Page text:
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Belgian Chambers of Representatives overwhelmingly approves child euthanasia

by | Feb 13, 2014

 

By Dave Andrusko

BelgiumprotestWhen the Belgian Senate voted 50-17 in December to remove all age limits on euthanasia, the die was cast. Approval in the Chamber of Representatives—which occurred today by a vote of 88 to 44 with 12 abstentions—was a foregone conclusion as is the signature of King Philippe, Belgium’s constitutional head of state, a mere formality.

But to their great credit, opponents never gave up. An Open letter was signed by 160 pediatricians denounced the bill. The church spoke out against the legislation. There were many peaceful demonstrations.

The familiar battering rams prevailed. It is discriminatory to deny children the “right” to be euthanasized; “only” a handful of children would be “affected”; and besides it’s already happening, so let’s legalize the killing. (As Wesley Smith says of the latter, “This is typical euthanasia metastasizing: Doctors break the guidelines and then the answer is to expand the guidelines rather than punish the doctors.”)

But, even if you are reluctant to buy into what might be called the quantity argument, there are the obligatory “safeguards.” As the Washington Post described it.

“The child must have a terminal and incurable illness, with death expected to occur ‘within a brief period.’ The child must also be experiencing ‘constant and unbearable physical suffering.’ Like for adults desiring euthanasia, that diagnosis and prognosis must be agreed upon by the treating physician and an outsider brought in to give a second opinion.

“The child is to be interviewed by a pediatric psychiatrist or psychologist, who must determine that the child possesses ‘the capacity of discernment’ and certify that in writing.”

But who is kidding whom? If you look at the history of euthanasia just in Belgium and its neighbor to the North, the Netherlands, whatever limitations there are initially can be compared to flashing yellow lights. First proponents slow down as they approach them and then they insist on a green light to eliminate all “restrictions.”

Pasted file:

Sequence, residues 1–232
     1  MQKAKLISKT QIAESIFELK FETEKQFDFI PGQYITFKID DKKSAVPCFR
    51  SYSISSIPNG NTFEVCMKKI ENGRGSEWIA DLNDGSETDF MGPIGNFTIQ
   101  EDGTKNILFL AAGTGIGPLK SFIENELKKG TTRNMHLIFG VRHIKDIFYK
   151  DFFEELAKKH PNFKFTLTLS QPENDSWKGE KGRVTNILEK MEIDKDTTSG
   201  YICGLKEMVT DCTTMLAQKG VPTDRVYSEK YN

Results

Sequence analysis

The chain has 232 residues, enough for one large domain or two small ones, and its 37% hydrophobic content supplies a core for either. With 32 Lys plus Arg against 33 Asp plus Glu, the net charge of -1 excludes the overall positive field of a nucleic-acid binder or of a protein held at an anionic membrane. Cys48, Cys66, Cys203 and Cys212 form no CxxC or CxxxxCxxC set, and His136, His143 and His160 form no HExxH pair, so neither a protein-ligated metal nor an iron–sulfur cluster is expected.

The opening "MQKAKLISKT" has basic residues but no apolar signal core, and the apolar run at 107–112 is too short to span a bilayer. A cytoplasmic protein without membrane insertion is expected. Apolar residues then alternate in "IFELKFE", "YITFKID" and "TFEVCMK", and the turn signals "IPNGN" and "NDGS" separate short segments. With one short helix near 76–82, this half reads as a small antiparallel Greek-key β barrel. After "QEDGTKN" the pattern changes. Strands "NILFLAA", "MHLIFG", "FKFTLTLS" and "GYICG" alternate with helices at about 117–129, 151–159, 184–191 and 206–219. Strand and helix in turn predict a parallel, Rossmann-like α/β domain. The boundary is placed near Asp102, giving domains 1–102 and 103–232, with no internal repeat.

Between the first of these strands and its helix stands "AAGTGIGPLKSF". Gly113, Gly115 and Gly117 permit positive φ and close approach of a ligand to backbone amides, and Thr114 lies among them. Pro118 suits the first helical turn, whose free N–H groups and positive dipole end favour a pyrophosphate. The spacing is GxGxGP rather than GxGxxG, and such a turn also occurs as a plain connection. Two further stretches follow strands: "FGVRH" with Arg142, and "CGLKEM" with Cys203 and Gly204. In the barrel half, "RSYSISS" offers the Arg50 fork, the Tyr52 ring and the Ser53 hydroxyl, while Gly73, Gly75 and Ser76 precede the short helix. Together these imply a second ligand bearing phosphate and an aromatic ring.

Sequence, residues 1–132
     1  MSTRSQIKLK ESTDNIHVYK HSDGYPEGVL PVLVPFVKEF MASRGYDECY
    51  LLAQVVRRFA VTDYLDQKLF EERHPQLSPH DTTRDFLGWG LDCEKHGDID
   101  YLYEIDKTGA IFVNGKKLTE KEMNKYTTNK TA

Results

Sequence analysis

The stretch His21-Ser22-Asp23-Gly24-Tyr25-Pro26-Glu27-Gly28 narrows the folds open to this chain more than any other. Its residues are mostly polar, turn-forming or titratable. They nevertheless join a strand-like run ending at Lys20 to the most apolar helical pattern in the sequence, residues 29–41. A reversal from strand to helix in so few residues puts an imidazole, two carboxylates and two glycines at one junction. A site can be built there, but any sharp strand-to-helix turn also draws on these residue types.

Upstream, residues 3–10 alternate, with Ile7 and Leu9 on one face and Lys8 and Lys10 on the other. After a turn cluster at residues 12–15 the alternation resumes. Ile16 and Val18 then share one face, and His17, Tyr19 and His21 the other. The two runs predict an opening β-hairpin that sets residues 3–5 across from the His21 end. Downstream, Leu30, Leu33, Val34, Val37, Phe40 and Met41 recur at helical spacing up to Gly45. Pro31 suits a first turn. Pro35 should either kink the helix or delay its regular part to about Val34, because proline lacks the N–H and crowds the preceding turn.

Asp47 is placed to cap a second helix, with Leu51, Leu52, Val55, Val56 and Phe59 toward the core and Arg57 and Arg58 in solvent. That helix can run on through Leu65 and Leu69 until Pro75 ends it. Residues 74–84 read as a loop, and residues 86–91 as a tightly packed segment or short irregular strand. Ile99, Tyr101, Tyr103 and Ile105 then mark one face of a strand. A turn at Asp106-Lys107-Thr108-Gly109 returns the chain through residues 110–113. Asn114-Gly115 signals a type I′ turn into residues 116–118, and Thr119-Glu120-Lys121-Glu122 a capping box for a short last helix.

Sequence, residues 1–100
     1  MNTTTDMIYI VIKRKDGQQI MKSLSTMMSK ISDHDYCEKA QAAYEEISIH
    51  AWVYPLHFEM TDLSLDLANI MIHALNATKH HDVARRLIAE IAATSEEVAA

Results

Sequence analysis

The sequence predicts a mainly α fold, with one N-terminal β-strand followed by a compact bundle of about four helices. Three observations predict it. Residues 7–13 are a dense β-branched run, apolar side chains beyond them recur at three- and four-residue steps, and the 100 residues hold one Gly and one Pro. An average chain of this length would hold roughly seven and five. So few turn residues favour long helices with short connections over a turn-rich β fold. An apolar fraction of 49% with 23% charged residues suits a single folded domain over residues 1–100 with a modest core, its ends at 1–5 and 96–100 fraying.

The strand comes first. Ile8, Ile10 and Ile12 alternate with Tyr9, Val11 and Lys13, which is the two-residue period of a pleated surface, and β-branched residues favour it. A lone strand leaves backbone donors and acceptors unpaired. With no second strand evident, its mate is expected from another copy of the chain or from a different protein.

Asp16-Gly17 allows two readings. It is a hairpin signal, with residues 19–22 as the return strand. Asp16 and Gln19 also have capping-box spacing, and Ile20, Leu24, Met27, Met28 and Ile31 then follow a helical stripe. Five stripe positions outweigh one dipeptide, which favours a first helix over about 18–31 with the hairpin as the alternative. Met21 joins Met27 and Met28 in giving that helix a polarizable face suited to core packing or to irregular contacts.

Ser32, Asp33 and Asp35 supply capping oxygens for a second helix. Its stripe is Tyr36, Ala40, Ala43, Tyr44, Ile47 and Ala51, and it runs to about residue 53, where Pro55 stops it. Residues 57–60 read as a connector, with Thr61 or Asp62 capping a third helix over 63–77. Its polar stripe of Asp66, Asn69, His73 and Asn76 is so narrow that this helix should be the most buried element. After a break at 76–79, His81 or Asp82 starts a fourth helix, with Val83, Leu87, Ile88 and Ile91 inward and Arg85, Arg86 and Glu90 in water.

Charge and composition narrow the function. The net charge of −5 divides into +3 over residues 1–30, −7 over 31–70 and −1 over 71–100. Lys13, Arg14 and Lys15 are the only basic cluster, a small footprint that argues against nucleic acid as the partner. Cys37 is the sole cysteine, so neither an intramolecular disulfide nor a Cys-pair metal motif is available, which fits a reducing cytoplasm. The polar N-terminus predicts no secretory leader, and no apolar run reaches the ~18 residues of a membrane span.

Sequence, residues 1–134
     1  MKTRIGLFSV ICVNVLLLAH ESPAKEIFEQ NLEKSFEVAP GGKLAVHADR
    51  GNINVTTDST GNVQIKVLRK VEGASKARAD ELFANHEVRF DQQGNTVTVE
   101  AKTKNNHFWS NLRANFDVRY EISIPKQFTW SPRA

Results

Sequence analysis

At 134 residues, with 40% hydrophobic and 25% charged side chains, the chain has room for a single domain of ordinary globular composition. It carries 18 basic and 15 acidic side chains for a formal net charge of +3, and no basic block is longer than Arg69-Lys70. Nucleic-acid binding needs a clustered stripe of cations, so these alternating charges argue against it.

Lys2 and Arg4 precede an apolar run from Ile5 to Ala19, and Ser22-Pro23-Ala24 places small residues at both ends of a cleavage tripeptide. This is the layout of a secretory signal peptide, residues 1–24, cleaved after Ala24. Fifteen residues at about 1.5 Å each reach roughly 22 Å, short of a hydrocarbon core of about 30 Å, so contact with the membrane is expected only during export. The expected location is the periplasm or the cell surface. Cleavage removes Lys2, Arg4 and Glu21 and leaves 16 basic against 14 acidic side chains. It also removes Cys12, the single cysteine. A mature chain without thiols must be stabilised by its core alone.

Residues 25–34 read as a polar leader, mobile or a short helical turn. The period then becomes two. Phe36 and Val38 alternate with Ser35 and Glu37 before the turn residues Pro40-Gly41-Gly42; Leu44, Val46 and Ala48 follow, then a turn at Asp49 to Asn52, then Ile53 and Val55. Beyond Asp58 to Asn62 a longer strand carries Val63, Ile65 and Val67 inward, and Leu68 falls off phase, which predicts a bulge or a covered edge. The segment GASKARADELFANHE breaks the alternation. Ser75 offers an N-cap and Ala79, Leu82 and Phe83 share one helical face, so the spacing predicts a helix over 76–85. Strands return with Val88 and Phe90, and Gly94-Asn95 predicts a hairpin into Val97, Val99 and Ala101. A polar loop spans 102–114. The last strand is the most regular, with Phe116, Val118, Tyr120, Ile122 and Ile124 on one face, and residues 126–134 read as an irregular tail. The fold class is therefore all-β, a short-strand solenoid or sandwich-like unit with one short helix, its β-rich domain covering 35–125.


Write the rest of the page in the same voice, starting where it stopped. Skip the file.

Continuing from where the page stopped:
“Terminal” is replaced by psychological uneasy and how long before we’re told this nonsense about children signing their own death warrants is slowly down the process?

You can read Alex Schadenberg’s fine analysis at “Belgium extends euthanasia to children without first dealing with the abuse of the euthanasia law.”  He reminds us that unrequested euthanasia is already rampant and that the 160 pediatricians had debunked the canard that children in Belgium are suffering: “The palliative care teams for children are perfectly capable of achieving pain relief, both in hospital and at home.”

Let me close with an astute observation from Dr. Peter Saunders written a little over a year ago:

“I have never been convinced by the term ‘slippery slope’ which implies passive change over time. What we are seeing in Belgium is more accurately termed ‘incremental extension’, the steady intentional escalation of numbers with a gradual widening of the categories of patients to be included.

“I recently described the similar steep increase of cases of assisted suicide in Oregon (450% since 1998) and Switzerland (700% over the same period). In the Netherlands since 2006 the number of official cases of (lethal injection) euthanasia has doubled since 2006, although many other people (possibly up to 12.3% of all deaths) are having their lives actively ended through the process of ‘continuous deep sedation’ whereby doctors deeply sedate patients and then withhold fluids with the explicit intention that they will die.

“The lessons are clear. Once you relax the law on euthanasia or assisted suicide steady extension will follow as night follows day.”

Categories: Euthanasia